Dr. Evelyn Williams is an adjunct conservation scientist at the Garden. She’s interested in genetic diversity at multiple scales, from the population to the family level. While at the Garden, Dr. Williams has worked on rare shrubs from New Mexico (Lepidospartum burgessii), systematics of the breadfruit family (Artocarpus), and using phylogenetic diversity to improve tallgrass prairie restorations.
When a scientist says that chimpanzees are related to humans, or that chickens are related to dinosaurs, what do they mean?
They mean that chimpanzees and humans share a common ancestor from many thousands of generations ago. Although that shared great-great-great-great-(etc.)-great-parent lived many years ago, that shared ancestor lived more recently than the ancestor that humans share with dogs. So humans are more closely related to chimpanzees than dogs because they have the most recently shared ancestor. Scientists call this the “most recent common ancestor.”
This most recent common ancestor wasn’t a chimp, and it wasn’t a human—it was a different species with its own appearance, habits, and populations. One of these populations evolved into humans, and one of the populations evolved into chimpanzees. We know this because of a field of study called “phylogenetics.” Scientists use phylogenetics to study how species are related to each other.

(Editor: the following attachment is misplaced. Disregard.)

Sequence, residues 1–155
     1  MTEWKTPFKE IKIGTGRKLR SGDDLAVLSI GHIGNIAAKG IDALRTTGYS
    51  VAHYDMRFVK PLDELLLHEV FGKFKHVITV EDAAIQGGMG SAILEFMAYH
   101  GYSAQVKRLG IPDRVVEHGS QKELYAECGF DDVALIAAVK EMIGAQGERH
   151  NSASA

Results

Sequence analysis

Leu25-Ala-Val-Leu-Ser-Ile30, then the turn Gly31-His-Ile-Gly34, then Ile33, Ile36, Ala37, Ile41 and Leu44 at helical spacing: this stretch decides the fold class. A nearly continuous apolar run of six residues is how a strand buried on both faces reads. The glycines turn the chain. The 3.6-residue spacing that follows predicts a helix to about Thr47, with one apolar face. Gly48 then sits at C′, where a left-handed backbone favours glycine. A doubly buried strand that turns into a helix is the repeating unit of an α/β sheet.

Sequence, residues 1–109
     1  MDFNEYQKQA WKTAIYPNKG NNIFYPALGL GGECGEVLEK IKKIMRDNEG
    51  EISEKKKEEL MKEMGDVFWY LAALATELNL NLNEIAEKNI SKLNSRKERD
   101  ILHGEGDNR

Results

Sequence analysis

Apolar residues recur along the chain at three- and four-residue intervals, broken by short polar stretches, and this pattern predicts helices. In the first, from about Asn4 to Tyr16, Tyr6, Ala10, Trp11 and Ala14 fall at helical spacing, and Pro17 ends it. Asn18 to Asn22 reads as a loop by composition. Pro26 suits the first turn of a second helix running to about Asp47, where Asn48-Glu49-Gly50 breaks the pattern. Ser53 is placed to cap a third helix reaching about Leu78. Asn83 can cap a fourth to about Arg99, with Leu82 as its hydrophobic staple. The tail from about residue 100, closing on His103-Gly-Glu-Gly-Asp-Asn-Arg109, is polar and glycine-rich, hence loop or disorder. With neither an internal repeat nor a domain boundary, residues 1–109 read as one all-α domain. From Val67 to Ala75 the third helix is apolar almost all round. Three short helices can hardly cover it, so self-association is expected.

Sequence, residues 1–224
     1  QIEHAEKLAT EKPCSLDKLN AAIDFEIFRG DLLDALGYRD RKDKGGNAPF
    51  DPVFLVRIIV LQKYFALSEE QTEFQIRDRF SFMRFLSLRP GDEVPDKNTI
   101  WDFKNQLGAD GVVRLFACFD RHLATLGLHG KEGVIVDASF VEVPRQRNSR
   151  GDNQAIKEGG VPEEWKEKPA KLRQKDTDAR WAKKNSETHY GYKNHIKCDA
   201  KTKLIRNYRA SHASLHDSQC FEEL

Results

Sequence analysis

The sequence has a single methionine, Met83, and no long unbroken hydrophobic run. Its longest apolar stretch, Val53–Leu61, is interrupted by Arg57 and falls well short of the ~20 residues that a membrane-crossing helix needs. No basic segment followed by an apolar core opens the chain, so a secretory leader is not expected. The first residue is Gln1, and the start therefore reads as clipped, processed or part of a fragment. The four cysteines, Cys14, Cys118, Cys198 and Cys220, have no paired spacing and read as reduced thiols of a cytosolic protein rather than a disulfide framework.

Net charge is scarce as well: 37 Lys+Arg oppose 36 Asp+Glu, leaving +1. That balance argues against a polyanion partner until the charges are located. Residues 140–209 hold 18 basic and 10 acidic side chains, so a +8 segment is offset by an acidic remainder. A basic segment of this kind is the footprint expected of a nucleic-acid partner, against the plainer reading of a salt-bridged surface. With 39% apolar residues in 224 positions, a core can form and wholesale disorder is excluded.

Using DNA sequences, scientists construct tree-like diagrams that trace how species are related. A human’s DNA is more similar to a chimpanzees’ than to a chicken, so a tree diagram would connect humans and apes. Dinosaurs and chickens would be shown as related as well, and then these two groups would be connected.
Interested in learning more? Explore phylogenetics with the Tree of Life Web Project. Dig deep into the study of the phylogenetic roots of food plants with The Botanist in the Kitchen.
Students in the Chicago Botanic Garden and Northwestern University Program in Plant Biology and Conservation were given a challenge: Write a short, clear explanation of a scientific concept that can be easily understood by non-scientists. This is our fourth installment of their exploration.
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2 thoughts on “60-Second Science: Phylogenetic Trees”
Thank you Chloe!
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